Is Your Landlord Trespassing? Learn Your Rights as a Renter

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When you sign a lease to rent a home or apartment, you're agreeing to a number of conditions. Most of the terms found in a lease are designed to protect the landlord, but what about your rights as a renter?

Luckily, there are laws in each state that protect your privacy as a renter, even if the terms aren’t specified in a written lease.

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Landlords and trespassing

The landlord may own the property, but that doesn't give him or her carte blanche to come and go in your place at will. All but 13 states have specific statutes and regulations regarding when a landlord can enter the premises, for what purpose, and how much notice they must give you (usually between 24 and 48 hours).1

The following states do not have statutes limiting entry:2

  • Georgia
  • Idaho
  • Illinois
  • Maryland
  • Michigan
  • Missouri
  • New York
  • North Carolina
  • Pennsylvania
  • South Dakota
  • Texas
  • West Virginia
  • Wyoming

In all states, a landlord can enter the property in an emergency without notice or permission.3 For example, if a burst pipe in your apartment is leaking into the unit downstairs, your landlord may enter or send someone from the maintenance crew to enter your home if you’re not there.

Even if your landlord gives you notice, he or she must have a good reason to enter the property. In most cases, your landlord can enter your home:

  • In an emergency
  • To make repairs
  • To show the property to prospective tenants if you’re ending your lease
  • To inspect for safety issues or to ensure the property meets building safety codes

Your lease and privacy

Most leases will have an entry provision that details when the landlord can enter the property.1 However, just because something is stated in the lease doesn’t mean it’s legally binding. Even though a lease is a legal document, the conditions stated in it still have to follow the law.

For example, a lease for a home in Arizona may say the landlord can enter the property at any time without notice. But because Arizona law requires the landlord give two days’ notice, this portion of the lease would not be legal or enforceable.2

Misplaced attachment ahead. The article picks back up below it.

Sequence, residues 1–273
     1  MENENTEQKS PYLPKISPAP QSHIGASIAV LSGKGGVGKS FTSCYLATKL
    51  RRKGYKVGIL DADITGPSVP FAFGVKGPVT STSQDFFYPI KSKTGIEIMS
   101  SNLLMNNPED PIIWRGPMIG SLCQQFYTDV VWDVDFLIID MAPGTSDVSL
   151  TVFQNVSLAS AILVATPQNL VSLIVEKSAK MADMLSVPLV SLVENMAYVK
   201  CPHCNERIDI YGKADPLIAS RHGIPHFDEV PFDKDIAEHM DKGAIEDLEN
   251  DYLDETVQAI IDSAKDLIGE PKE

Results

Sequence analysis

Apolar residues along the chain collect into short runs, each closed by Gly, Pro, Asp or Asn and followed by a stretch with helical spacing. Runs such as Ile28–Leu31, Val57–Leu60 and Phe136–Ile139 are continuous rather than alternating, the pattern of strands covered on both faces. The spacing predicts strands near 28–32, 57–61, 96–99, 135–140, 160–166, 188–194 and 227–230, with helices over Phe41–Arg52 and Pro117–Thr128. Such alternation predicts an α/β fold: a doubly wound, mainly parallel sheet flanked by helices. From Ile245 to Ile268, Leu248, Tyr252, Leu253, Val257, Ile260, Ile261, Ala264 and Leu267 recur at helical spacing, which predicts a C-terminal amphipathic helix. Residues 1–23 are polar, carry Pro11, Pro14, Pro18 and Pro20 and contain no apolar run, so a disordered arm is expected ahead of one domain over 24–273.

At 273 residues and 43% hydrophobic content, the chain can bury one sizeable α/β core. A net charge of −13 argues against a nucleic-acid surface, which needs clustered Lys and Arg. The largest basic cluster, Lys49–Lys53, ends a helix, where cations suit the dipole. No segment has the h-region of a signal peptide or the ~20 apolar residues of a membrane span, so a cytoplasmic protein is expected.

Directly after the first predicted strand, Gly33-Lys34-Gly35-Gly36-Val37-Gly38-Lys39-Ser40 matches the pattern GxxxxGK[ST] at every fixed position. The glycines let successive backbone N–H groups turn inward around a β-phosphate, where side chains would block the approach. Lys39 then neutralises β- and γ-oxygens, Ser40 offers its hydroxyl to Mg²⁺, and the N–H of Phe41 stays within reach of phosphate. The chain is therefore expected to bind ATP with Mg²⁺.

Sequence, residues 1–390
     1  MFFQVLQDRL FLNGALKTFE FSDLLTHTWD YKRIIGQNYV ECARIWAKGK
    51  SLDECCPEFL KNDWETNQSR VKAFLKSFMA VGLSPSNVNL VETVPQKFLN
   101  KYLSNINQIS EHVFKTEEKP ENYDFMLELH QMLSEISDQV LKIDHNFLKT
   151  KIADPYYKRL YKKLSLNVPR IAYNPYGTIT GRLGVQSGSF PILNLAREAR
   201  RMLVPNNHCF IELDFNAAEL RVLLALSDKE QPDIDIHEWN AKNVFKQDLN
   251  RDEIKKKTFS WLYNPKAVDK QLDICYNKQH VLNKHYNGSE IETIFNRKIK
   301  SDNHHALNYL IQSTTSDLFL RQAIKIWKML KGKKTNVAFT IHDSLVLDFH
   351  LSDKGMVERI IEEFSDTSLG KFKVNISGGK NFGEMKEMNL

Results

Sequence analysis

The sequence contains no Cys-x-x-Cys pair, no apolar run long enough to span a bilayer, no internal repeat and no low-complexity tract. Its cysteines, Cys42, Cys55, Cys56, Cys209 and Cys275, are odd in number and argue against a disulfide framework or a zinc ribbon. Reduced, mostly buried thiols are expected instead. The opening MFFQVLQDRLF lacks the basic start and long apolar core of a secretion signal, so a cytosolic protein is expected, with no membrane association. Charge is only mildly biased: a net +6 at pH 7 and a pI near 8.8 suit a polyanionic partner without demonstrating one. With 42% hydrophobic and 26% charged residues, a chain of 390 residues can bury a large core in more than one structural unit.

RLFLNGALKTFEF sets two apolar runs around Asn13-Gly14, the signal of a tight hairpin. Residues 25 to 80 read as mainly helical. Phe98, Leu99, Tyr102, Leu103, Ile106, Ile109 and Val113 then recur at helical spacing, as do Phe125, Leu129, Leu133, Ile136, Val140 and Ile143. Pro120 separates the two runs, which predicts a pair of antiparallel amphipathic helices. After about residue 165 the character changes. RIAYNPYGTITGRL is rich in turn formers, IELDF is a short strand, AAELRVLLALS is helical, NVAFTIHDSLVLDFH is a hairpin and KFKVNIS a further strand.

If your lease doesn’t have an entry provision or mention anything about when the landlord can enter, your state’s privacy laws still apply.

Right to quiet enjoyment

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If you think your rights have been violated, a court will refer to your implied right to quiet enjoyment—a concept of common law that "refers to the right of an occupant of real property, particularly of a residence, to enjoy and use premises in peace and without interference," according to USLegal.

Even if it is not in your lease or rental agreement, a court will still recognize this right.

Part of this covenant protects your privacy as outlined in your state’s laws. For example, in California, the law states that a landlord must provide written notice before entering your property. If they don't, they are in violation of your lease, oral or written.5

Before you buy a security camera to document possible trespassing and violation of your right to quiet enjoyment, be sure to read these FAQs:

What if you don’t have a lease?

If you don't have a written lease, that doesn't mean your rights go out the window. For leases that last less than a year, oral leases are considered acceptable.6 In many cases, paying a security deposit and paying rent on a timely basis each month is enough to prove that you have an oral agreement.

It’s always smart to make sure you get a signed contract when entering into any rental agreement. The contract should spell out the exact terms of the lease, including landlord’s right to entry. Before signing any lease, make sure the entry provisions are in accordance with state laws.

If you’ve already signed a lease and it doesn’t mention privacy laws, look up the laws in your state and request a revised lease agreement from your landlord. This will help protect your rights to privacy and clarify any issues that may arise.

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Sources

  1. Ann O. Connell, NOLO, "State Laws on Landlord's Access to Rental Property," January 2022. Accessed February 28, 2023.
  2. American Apartment Owners Association, "Landlord Tenant Laws." Accessed February 28, 2023.
  3. Jeffrey Johnson, Free Advice Legal, "Landlord and Tenant Rights and Obligations" July 2021. Accessed February 28, 2023.
  4. USLegal, "Quiet Enjoyment Law and Legal Definition." Accessed February 28, 2023.
  5. California Legislative Information, "Civil Code CIV," 2018. November 16, 2021.
  6. FindLaw Team, FindLaw, "What Contracts are Required to Be in Writing?" January 2018. Accessed February 28, 2023.
Cathy Habas
Written by
Cathy Habas
With over eight years of experience as a content writer, Cathy has a knack for untangling complex information. Her natural curiosity and ability to empathize help Cathy offer insightful, friendly advice. She believes in empowering readers who may not feel confident about a purchase, project, or topic. Cathy earned her Bachelor of Arts degree in English from Indiana University Southeast and began her professional writing career immediately after graduation. She is a certified Safe Sleep Ambassador and has contributed to sites like Safety.com, Reviews.com, Hunker, and Thumbtack. Cathy’s pride and joy is her Appaloosa “Chacos.” She also likes to crochet while watching stand-up comedy specials on Netflix.

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